28 January 2010

At the movies: Police, adjective.

You might remember this from my New York Film Festival wrap-up, but if not, here's an in-depth piece thank to the Nashville Scene. Romanian cinema at its most intriguing.

27 January 2010

Weeping angels at the cemetary.

At the movies: Black Dynamite.

When Vietnam veteran and ex-CIA agent Black Dynamite (Michael Jai White)’s brother is killed by a phalanx of heroin-dealing criminals, it becomes open season on those who would exploit the black community through dealing drugs, attacking orphanages, chemical warfare, and kung fu treachery. But Black Dynamite is not alone in the struggle; he has his own fighting force of street pimps, karate hoes, and conscious militants to help bring down The Man and avenge the death of his brother.

A word-of-mouth smash at last year’s Sundance Film Festival, Black Dynamite has since hammered out a rocky road in its theatrical release- getting great audience response, but in a small, slowly-circulating release pattern. Not quite as weird as Pootie Tang, much truer to its inspiration than I’m Gonna Git You Sucka, Black Dynamite is nonetheless the first comedy must-see of this year for Nashvillians.

Black Dynamite is a delightful spoof of 70s blaxploitation films that manages to be clever, witty, and five times as politically audacious as much of today’s genre cinema. Perhaps it was its 70s setting or its willingness to slip the horseshoe of righteous anger inside the oversized novelty glove of comedy, but you’d have to go back to Spike Lee’s oft-maligned Bamboozled to find a film with this much horror in its heart about the exploitation of minority communities in this country.

Also, it has Captain Kangaroo Pimp and a musical sexual astrology sequence. Don’t miss it.

22 January 2010

At the movies: The Book of Eli.

The shame-spiral of Dead Presidents-American Pimp-From Hell weren't enough to stop The Hughes Brothers, who have returned to give the moviegoing public a desaturated, blood-splattered almost-Western about a dismemberin' loner (Denzel Washington) who protects the last Bible in the world. Gary Oldman wants it, and has several hundred henchmen to throw at Denzel to try and get that Bible, because it holds the key to rebuilding society after a horrifying cataclysm.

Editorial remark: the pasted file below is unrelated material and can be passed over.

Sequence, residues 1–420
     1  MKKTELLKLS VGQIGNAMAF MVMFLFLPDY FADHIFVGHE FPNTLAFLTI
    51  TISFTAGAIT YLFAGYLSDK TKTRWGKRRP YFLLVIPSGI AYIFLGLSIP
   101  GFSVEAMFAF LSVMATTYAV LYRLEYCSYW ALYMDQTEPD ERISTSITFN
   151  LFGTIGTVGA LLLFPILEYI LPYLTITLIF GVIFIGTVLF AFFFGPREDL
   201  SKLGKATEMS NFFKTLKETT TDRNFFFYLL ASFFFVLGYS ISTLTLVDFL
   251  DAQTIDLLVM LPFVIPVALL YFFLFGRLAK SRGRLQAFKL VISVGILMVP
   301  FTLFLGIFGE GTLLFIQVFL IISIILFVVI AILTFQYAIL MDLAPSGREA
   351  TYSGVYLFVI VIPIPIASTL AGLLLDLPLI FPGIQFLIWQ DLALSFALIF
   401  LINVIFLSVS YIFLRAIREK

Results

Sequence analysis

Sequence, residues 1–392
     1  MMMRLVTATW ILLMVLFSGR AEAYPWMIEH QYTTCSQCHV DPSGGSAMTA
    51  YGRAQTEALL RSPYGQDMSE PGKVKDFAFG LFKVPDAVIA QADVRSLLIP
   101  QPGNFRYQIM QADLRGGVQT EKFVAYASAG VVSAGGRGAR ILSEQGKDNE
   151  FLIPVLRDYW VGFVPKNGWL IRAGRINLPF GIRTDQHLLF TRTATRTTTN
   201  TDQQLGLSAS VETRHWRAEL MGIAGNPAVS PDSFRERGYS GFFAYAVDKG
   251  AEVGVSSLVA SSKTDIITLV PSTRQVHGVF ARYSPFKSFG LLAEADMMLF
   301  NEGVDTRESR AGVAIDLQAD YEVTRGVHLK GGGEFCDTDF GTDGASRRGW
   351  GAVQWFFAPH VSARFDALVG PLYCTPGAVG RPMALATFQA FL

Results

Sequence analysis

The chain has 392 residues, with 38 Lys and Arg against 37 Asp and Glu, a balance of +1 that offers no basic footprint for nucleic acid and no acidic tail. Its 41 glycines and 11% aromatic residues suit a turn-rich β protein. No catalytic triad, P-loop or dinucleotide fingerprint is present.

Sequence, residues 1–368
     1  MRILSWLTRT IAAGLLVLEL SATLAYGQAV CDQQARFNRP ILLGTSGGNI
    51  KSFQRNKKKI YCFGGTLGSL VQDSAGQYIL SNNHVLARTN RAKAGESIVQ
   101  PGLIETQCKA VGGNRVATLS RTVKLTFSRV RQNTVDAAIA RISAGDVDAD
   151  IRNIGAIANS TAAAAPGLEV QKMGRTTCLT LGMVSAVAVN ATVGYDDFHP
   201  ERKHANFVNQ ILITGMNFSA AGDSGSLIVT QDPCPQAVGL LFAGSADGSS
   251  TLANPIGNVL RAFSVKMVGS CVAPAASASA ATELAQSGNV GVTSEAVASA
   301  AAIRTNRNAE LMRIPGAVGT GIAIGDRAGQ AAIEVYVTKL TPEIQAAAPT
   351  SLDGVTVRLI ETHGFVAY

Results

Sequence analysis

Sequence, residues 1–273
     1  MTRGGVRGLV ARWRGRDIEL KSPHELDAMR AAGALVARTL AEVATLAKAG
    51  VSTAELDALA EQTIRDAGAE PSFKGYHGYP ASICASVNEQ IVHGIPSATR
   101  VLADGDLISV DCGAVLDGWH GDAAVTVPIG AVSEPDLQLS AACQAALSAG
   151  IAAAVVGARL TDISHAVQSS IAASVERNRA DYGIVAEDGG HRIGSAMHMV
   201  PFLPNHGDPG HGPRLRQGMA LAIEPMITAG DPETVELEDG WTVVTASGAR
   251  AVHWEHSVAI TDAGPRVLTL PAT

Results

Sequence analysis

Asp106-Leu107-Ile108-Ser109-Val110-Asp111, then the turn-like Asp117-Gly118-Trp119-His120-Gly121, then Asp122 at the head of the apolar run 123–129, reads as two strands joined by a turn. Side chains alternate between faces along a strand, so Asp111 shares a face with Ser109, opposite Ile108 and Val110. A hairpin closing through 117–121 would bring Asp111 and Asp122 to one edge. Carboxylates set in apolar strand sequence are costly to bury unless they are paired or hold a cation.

But here's the deal- the simple truth is that if you're looking for any sort of provocative statement about theology, society, or morality, you will find it sorely lacking. The film's actions are grounded deeply in Old Testament rhetoric about laying down vengeance and such, but at its center is the void.

I'm not surprised Denzel Washington took the part- he gets to be a stone cold badass fighting for decency and literacy in a postapocalyptic wasteland. He also gets to teach sexy women how to use high-power weaponry, then deploy some slice-and-dice-and-julienne skills to make the world safe for some righteous living. But The Book of Eli is both shameful and stupid (its one-two punch of an ending is a truly special kind of ridiculous), and gorehounds and evangelicals will both be horribly disappointed.

If the film had any sort of specificity to its theology, or even a willingness to bring some divine intervention into the picture, that would be one thing. But no.


Just more blood spilled in the name of religion by people who have no grasp of the material they're using to define their lives, and worse, the lives of others.

14 January 2010

The 15 Best Remixes of 2009.

Sometimes I like to talk about music. Usually in hopes that people will listen, but sometimes just to hierarchicize. With that in mind, here are my fifteen best remixes of 2009. Feel free to disagree, but you better have support for your theories- rational discourse in the house.

09 January 2010

Famous people talked to me: Michael Shannon.

In advance of his latest film, Werner Herzog's My Son, My Son, What Have Ye Done, I interviewed Michael Shannon for The Nashville Scene. Check it out. Let me know what you think.